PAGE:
It's the height of flu season, and depending upon where you live, it's often too cold to even venture around the block for fresh air. That's why having a baby in the winter can be so isolating.
When my daughter was born, after those first couple of weeks full of visits and stocked meals, I found myself stuck in the house with a baby who wouldn't latch and couldn't sleep because of her reflux. And I had tendinitis so bad in my own wrists that I had to wear braces. None of these things were what I expected. While family and friends were at work and embedded in their own routines, I struggled to determine what my days should look like.
Thankfully, someone recommended a new-moms' group at the local hospital. Once a week, whether I'd showered or not, I packed us up and we headed over to a meeting. Five years later, the women of that group are still my closest mama friends. We've celebrated many milestones together, and we still rely on each other for answers to questions about each new stage our children reach.
Becoming a mother is a huge adjustment, and the right support makes all the difference. Many local hospitals offer new-moms' groups, and here are 5 reasons why you should check one out.
During the early days of motherhood, it is reassuring to meet other women who understand the full range of what those first weeks are like. Yes, there's absolute joy, but there's also anxiety, hormones, fatigue and healing. Meeting other women who have the same questions and feelings as you do can provide a huge amount of validation and comfort. (As a bonus, moms often bring and share coupons and formula samples that they're not using!)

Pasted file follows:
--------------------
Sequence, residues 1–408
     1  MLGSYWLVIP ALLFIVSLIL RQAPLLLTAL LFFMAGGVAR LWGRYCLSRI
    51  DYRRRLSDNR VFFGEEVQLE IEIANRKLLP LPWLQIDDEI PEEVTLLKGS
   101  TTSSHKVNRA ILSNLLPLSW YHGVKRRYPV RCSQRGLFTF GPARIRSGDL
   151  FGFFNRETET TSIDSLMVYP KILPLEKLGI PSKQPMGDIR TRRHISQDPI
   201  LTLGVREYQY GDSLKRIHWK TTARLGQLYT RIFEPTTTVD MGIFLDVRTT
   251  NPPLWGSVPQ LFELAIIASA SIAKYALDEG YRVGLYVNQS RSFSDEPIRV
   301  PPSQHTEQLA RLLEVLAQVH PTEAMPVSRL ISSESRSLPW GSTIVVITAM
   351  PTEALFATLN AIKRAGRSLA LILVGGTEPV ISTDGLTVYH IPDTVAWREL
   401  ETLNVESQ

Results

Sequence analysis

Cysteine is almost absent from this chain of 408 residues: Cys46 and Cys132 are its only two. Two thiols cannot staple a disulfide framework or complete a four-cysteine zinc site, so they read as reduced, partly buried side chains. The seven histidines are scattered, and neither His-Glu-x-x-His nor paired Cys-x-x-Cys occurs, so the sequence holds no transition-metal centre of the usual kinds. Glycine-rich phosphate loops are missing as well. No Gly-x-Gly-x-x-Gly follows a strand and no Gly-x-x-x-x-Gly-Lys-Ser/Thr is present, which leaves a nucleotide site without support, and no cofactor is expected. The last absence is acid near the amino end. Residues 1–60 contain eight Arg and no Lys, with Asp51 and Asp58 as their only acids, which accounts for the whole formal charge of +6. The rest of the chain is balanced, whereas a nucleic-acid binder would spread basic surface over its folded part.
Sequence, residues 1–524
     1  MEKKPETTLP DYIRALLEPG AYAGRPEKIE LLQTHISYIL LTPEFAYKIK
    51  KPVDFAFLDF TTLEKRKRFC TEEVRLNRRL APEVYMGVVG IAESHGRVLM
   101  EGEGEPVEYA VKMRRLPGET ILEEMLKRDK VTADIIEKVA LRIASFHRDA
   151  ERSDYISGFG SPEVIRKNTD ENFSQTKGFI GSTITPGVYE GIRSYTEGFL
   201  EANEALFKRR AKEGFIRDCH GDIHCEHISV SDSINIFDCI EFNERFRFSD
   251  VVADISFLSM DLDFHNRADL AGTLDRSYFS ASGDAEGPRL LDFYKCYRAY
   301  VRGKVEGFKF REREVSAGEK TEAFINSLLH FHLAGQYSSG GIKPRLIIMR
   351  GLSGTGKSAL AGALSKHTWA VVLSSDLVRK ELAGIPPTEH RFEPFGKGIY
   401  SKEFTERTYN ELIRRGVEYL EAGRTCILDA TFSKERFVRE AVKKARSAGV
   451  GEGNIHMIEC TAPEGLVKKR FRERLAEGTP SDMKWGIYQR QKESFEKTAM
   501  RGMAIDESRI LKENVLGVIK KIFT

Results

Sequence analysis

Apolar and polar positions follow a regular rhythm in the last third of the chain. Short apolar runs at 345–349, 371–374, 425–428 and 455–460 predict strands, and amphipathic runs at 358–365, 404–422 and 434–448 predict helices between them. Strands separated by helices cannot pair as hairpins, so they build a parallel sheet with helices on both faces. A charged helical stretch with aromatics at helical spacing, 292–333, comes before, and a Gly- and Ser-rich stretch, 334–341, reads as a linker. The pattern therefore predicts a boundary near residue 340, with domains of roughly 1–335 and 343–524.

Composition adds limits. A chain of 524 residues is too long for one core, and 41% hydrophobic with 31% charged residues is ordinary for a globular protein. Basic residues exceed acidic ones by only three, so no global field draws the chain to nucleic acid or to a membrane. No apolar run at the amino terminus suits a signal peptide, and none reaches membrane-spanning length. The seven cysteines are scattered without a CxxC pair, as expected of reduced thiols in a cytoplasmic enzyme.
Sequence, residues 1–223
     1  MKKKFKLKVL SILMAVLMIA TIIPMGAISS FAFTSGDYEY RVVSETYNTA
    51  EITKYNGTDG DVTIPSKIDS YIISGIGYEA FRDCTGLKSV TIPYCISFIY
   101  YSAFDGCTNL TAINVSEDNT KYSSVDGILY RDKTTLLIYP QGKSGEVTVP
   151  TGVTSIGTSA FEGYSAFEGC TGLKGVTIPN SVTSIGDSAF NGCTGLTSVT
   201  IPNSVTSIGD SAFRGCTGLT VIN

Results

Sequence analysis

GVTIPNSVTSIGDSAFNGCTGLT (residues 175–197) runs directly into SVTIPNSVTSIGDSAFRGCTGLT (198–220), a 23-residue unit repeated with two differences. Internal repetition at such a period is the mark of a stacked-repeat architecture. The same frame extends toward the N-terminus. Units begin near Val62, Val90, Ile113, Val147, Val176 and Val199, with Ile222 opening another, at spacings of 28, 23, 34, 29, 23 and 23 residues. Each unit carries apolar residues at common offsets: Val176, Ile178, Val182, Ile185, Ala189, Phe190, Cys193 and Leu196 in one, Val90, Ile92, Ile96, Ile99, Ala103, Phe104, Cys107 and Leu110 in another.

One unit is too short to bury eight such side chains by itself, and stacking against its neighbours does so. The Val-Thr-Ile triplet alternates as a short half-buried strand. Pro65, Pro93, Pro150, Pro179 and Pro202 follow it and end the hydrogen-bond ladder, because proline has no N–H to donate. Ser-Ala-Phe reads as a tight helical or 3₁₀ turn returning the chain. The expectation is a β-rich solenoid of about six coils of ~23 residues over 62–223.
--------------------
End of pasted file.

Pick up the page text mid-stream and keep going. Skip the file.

Most new-moms' groups have a nurse available throughout the meetings. Whether you have questions about breastfeeding, different types of formula or how your sling is supposed to work, between the nurse and the other mamas on hand, you've got a great range of support and information.
Let's face it: Some parenting topics — like breastfeeding and vaccines — are lightning rods. These groups are specifically set up to be open to a range of parenting styles, so you can ask questions without worrying about backlash.
Newborns and small infants have no routine. They are still figuring out their schedule. Having a weekly outing scheduled on the calendar gives you something consistent to look forward to and a set opportunity to get out of the house.
As your baby grows, he will quickly start interacting with people around him. These meetings provide an opportunity to work on some tummy time while interacting with the same group of kids. When your baby gets bigger, ask if your hospital provides playgroups in which the crawlers and walkers can play together. Otherwise, maybe you and your mama friends can do what we did: Form your own playgroup!
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